In twin storage moves, Hewlett-Packard last week announced an acquisition aimed at boosting its ability to manage multivendor storage-area networks (SAN) and plans to roll out a complete line of disk arrays and related products based on the emerging iSCSI standard by early next year.
The deal to acquire StorageApps should make HP a more attractive player in the SAN arena by offering IT administrators tools to knit storage devices from various vendors into a single pool, according to IT managers and industry pundits.
HP's bid for StorageApps, a maker of storage management software and appliances, is valued at about US$350 million in a stock-swap transaction. StorageApps will become a wholly owned subsidiary of HP.
At least one IT professional sees the HP deal presenting a potential opportunity to exploit more of his company's storage capacity. Bryan Province, a senior systems analyst and storage administrator at Caterpillar, said the industrial machine maker utilises about 50 percent of its storage capacity now, using EMC's storage management software. Province said he would like to expand to 70 - 80 percent of storage capacity.
"We're looking at incorporating other vendors' products into our SAN . . . to create a heterogeneous SAN," he said. "It would be a timesaver to go to a single tool to manage our storage."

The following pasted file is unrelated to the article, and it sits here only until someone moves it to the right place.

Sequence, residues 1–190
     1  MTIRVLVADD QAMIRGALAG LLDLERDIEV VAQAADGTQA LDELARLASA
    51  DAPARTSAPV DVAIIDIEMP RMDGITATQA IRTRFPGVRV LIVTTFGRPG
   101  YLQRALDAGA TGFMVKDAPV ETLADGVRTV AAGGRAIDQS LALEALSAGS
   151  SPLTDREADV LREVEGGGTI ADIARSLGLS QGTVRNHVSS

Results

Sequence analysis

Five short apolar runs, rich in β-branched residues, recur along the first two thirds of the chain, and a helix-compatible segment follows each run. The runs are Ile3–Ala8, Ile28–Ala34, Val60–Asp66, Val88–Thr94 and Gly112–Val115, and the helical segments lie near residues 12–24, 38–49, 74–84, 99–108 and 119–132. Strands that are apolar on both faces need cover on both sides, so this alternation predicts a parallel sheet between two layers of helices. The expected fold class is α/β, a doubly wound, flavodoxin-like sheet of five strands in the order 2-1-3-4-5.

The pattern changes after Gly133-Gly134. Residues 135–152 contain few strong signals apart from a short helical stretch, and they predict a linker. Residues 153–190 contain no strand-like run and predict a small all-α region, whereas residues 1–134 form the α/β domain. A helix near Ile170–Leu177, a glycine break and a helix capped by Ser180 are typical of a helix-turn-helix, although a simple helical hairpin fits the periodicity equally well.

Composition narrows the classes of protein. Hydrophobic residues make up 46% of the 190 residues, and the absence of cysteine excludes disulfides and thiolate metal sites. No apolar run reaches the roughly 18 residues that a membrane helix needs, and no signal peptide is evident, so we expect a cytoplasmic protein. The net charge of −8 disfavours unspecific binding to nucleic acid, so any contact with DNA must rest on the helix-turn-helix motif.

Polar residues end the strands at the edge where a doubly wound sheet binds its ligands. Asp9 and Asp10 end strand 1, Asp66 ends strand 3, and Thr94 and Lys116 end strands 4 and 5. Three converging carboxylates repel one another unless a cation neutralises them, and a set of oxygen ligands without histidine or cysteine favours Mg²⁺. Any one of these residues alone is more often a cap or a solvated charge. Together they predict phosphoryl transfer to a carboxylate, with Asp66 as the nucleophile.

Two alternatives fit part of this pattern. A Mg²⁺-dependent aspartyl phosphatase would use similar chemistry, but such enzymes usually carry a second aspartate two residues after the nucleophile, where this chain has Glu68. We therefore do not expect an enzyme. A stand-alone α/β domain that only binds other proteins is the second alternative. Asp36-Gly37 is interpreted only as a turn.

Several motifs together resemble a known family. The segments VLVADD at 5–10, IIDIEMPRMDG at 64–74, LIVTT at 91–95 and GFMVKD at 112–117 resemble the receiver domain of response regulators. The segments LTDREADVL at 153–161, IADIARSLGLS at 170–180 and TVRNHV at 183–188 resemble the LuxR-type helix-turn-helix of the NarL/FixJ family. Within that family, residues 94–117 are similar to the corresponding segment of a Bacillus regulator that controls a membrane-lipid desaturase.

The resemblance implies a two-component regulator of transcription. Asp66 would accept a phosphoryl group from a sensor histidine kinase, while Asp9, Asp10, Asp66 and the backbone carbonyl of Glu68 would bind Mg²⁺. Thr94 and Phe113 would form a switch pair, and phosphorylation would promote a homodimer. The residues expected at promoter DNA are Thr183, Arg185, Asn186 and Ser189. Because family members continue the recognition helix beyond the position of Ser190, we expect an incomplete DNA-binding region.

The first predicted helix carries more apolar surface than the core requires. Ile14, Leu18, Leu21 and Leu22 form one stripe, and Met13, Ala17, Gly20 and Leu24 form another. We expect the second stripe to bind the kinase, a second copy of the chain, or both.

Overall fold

Ron Johnson, an analyst at Evaluator Group, said the deal will give HP far more mature storage management software than it currently offers, placing it ahead of rivals such as IBM and Compaq. "This will shake up IBM and Compaq," said Johnson. "I don't see that IBM or Compaq has an appliance that does this."
The StorageApps purchase will also give HP the lead in storage virtualisation capabilities, allowing users to pool and reallocate disk capacity from different arrays, said Johnson. That's emerging as one of the hottest applications in the storage management market, he said, because it enables users to fully utilise their storage resources and get more bang for their storage buck.
HP offers storage virtualisation software for some of its disk arrays, but lacks an enterprise-level product to support devices made by multiple storage vendors. Both IBM and Compaq are expected to roll out storage virtualisation offerings for multivendor SANs later this year.
Meanwhile, HP disclosed last week, its planned iSCSI line will mirror the Fibre Channel-based storage devices sold under its Federated Storage Area Management product suite. That includes 15 to 20 disk arrays, storage networking switches, host bus adapters and other devices, HP officials said. The iSCSI-based products should be ready by the first quarter of next year.
The iSCSI technology, also referred to as SCSI over IP, is aimed at allowing users to take block-level SCSI data and wrap it in TCP/IP packets for transmission across the Internet. That enables end users on remote LANs to access corporate data via the Internet's basic communications protocol.
IBM began shipping iSCSI-based storage devices in June. However, the Internet Engineering Task Force is still working to finalise an iSCSI standard, a process not expected to be completed until later this year.